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A lost generation: Education for young and displaced refugees

29 March 2017

Since 2011, nearly 5 million refugees have fled from Syria to escape conflict. At the Zaatari Refugee Camp in Jordan, 80,000 Syrian refugees have sought safety as war continues in their homeland. This displacement impacts particularly on young people – disrupting their education and potentially creating a ‘lost generation’ with few prospects.

In recognition of this, King’s is deploying its Sanctuary Programme, an umbrella under which the university will use its expertise in education, problem-solving ability, online resources, knowledge of the region, and leadership skills, to help refugees in their current situation and provide hope for rebuilding their homes post-conflict.

Supporting access to higher education

Running alongside the Sanctuary Programme is the Partnership for Digital Learning and Increased Access (PADILEIA) project funded by the Department for International Development’s SPHEIR programme.

The PADILEIA project aims to support young and displaced refugees in Jordan and Lebanon seeking access to higher education, working in partnership with Kiron Open Higher Education (Berlin), Al al-Bayt University (Jordan), the American University of Beirut (Lebanon) and FutureLearn (UK).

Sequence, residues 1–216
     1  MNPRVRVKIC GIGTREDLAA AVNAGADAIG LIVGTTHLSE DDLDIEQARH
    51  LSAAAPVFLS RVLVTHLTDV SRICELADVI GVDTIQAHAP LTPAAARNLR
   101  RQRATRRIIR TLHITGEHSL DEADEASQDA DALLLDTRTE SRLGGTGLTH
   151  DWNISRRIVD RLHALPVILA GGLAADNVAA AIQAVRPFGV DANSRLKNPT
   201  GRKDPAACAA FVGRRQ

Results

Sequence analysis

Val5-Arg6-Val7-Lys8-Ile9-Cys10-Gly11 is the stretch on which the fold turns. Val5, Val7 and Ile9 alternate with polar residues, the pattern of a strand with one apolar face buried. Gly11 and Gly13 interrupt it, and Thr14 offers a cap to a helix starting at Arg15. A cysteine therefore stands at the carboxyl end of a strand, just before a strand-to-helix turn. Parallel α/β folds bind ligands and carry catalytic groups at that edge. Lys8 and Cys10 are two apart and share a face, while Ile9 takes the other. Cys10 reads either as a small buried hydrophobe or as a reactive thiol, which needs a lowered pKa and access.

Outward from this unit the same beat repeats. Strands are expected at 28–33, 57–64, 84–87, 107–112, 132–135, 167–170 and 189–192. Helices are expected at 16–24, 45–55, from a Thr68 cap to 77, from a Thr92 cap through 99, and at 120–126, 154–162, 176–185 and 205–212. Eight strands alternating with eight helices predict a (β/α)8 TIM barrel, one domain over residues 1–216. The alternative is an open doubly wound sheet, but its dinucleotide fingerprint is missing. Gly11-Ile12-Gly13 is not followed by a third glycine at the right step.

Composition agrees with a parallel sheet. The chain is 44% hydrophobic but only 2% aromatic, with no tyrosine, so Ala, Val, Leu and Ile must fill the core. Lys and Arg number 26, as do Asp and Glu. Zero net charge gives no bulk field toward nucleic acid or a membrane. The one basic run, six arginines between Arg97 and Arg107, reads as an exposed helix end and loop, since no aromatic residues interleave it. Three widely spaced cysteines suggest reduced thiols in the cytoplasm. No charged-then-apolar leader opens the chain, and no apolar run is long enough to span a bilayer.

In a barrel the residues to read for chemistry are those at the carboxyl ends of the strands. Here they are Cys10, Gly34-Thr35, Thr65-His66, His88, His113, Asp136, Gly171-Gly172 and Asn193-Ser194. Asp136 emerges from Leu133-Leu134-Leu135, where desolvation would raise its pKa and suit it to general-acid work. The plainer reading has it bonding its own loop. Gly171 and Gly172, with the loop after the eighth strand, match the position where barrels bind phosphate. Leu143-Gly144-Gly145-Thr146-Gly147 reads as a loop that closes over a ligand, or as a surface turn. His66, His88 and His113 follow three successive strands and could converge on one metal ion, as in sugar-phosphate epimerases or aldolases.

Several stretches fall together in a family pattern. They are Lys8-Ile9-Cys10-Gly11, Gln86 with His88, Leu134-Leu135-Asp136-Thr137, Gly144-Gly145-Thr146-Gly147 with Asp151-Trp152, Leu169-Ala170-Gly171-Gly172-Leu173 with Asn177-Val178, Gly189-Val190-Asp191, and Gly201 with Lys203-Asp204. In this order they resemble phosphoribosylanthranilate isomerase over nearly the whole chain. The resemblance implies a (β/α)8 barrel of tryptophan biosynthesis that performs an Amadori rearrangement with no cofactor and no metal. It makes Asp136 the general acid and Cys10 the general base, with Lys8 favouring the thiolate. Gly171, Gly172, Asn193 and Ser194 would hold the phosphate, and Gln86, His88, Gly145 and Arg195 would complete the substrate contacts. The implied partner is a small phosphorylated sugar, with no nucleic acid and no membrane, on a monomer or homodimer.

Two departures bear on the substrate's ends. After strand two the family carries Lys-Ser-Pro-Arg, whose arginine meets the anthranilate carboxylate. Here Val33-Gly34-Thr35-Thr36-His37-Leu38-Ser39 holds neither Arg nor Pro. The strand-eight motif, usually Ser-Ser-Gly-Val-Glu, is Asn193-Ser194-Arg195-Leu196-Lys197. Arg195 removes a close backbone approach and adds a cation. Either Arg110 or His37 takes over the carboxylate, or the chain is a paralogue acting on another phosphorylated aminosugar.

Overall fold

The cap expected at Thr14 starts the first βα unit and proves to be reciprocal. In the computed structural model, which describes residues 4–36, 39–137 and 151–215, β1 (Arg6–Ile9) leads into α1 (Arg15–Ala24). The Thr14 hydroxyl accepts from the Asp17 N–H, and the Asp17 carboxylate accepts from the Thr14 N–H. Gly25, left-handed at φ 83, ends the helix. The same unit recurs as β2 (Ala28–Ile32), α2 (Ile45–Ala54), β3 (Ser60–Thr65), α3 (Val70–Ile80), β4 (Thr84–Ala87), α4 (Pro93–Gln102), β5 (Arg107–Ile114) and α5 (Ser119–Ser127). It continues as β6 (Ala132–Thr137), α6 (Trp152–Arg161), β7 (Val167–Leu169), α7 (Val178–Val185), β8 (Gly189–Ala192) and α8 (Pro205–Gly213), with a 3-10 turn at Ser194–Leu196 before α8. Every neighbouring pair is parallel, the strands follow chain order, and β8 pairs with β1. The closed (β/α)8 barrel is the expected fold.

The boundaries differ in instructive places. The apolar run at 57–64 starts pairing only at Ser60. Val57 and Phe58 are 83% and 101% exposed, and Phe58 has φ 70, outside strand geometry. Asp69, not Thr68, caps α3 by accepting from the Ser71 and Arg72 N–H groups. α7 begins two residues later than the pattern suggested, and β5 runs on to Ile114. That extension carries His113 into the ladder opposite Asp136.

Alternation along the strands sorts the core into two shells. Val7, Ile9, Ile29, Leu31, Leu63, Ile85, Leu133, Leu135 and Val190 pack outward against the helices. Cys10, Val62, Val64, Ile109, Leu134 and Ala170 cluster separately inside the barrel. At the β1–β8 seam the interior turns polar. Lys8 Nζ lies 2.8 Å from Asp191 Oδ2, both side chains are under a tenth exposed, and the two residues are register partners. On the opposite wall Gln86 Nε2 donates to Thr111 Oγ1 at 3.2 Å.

Zaatari Refugee Camp

A team from King’s recently visited Jordan to attend a PADILEIA planning workshop and during their time there visited the Zaatari Refugee Camp. The camp has now become Jordan’s fourth largest city, with numerous international aid agencies, including the UN Refugee Agency, providing assistance to its residents. This includes prefabricated homes to replace tents and the provision of key infrastructure.

There are 11 schools in the camp along with 27 community centres although access to Wi-Fi is limited and electricity is not available around the clock.

Through the collective effort of staff and students across all PADILEIA partners, King’s will lead on a range of bespoke curricula to be used in an innovative combination of existing and tailor-made teaching, and student support services.

Professor Michael Kerr, Professor of Conflict Studies and a member of the King’s team who visited the Zaatari camp said: The Syrian refugee students that we met in Jordan have the intellect, the motivation and the enthusiasm to excel in higher education.’

Echoing the thoughts of the King’s team, he said: ‘We were so moved and inspired by their determination and the sense of hope that they displayed in such difficult circumstances.’

You can find out more about the different initiatives taking place under King’s Sanctuary Programme HERE.

The SPHEIR (Strategic Partnerships for Higher Education Innovation and Reform) programme is a competitive grant scheme established by the UK Department for International Development (DFID). It is designed to catalyse innovative ‘partnerships’ in low-income countries to improve the performance, governance and influence of higher education systems and institutions.

SPHEIR is managed on behalf of DFID by a consortium led by the British Council that includes PwC and Universities UK International (UUKi).

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